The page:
July 17, 2024

Ryanair ramps up schedules from July

By Bev Fearis, published 15/05/20

Ryanair has made a bold announcement that it will return to 40% of its normal flight schedules from July 1, flying from most of its 80 European bases.

It says the move will be subject to government restrictions being lifted and effective public health measures being put in place at airports, adding: “It’s time to get Europe flying again.”

The proposed routes, frequencies, flight times and promotional prices are now listed on its website.

Ryanair also released a video outlining new measures, which include temperature checks at airport entry and wearing face masks or coverings at all times in the terminal and on board.

Passengers will also have to take fewer checked bags, check in online and download boarding pass to their smart phone.

On board, masked Ryanair cabin crew will offer a limited inflight service of pre-packaged snacks and drinks, but won’t accept cash sales.

Passengers won’t be allowed to queue for toilets and instead will need to request toilet access.

Ryanair will also require all passengers flying in July and August to fill in details, at the point of check-in, about the length of their planned visit and their address while visiting another EU country.

It said this contact information would be provided to EU governments to help them monitor any quarantine regulations they require of visitors on intra-EU flights.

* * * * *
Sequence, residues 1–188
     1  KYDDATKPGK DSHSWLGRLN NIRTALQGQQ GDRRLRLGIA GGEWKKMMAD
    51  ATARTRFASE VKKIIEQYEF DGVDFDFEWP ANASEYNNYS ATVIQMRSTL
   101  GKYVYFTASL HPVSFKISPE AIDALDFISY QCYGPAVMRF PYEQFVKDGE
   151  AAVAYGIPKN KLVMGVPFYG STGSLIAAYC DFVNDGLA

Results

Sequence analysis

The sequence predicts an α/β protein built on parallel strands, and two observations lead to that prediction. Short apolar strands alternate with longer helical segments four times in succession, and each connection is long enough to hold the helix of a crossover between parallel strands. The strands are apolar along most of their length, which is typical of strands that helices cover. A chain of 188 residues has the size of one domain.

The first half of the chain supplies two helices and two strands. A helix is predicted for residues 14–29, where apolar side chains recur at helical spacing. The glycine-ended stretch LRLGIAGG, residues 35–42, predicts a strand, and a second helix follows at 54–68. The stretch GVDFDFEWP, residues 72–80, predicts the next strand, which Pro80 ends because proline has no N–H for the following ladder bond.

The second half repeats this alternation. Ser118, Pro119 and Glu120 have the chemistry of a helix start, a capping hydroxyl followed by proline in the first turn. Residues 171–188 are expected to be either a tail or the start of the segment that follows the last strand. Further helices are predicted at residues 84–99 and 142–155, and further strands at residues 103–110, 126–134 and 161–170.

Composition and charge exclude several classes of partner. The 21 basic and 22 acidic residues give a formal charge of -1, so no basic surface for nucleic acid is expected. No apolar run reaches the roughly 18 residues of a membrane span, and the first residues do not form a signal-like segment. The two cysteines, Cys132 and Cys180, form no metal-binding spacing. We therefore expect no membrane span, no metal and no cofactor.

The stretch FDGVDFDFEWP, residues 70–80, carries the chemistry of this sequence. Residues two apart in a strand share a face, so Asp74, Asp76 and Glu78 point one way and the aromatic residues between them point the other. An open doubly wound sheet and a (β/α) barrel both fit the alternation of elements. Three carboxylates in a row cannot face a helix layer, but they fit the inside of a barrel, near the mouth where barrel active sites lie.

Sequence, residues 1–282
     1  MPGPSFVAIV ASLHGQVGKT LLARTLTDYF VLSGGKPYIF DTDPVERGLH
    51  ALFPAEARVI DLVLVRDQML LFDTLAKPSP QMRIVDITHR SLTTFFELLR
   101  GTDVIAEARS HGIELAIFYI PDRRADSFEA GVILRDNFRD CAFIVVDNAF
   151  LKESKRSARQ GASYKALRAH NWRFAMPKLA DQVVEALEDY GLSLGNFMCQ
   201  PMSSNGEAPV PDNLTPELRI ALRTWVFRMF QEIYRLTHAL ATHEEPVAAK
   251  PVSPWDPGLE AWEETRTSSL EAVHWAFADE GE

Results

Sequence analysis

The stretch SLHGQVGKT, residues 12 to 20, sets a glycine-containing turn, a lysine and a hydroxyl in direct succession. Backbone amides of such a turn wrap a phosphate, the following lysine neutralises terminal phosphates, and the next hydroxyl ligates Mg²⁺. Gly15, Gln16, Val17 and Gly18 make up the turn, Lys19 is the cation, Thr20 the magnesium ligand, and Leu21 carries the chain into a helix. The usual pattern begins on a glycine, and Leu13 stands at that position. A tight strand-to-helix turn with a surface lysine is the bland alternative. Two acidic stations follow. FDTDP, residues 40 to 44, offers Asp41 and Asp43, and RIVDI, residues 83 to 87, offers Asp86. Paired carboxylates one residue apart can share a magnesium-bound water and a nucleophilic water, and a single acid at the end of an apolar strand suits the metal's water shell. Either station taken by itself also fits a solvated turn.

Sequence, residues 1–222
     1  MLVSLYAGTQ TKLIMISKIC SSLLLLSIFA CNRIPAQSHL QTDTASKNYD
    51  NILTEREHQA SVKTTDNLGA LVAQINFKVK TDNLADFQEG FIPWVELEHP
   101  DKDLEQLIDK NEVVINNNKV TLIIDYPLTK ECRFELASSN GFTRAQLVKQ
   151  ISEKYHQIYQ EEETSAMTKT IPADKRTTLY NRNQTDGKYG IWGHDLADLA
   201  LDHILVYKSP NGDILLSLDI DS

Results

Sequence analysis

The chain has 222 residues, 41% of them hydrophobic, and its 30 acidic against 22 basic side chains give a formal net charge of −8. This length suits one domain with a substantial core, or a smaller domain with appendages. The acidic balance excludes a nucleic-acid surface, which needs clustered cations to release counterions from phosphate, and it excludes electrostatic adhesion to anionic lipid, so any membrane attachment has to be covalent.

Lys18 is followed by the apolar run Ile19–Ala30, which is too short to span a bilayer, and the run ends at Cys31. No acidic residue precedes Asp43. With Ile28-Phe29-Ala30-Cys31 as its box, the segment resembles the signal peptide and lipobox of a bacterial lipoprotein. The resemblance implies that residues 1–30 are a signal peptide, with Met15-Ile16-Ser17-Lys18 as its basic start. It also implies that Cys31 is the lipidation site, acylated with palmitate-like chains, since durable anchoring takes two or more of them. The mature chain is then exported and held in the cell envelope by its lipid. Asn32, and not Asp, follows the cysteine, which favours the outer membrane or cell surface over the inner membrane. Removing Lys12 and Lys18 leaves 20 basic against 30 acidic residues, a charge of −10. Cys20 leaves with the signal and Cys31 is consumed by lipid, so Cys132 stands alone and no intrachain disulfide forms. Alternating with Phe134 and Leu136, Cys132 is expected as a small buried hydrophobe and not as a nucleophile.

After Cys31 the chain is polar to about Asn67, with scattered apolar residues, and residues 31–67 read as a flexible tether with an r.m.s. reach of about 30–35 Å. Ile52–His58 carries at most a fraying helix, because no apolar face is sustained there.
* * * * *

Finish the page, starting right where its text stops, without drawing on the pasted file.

CEO Eddie Wilson said: “It is important for our customers and our people that we return to some normal schedules from July 1 onwards. Governments around Europe have implemented a four-month lockdown to limit the spread of the COVID-19 virus.

“Ryanair will work closely with public health authorities to ensure that these flights comply, where possible, with effective measures to limit the spread of COVID-19. As already shown in Asia, temperature checks and face masks/coverings are the most effective way to achieve this on short haul (one hour) within Europe’s single market.

“Now that European countries are allowing some gradual return to normal life, we expect this will evolve over the coming weeks and months,” added Wilson.

“With more than six weeks to go to July 1, Ryanair believes this is the most practical date to resume normal flight schedules, so that we can allow friends and families to reunite, commuters to go back to work, and allow those tourism based economies such as Spain, Portugal, Italy, Greece, France and others, to recover what is left of this year’s tourism season.”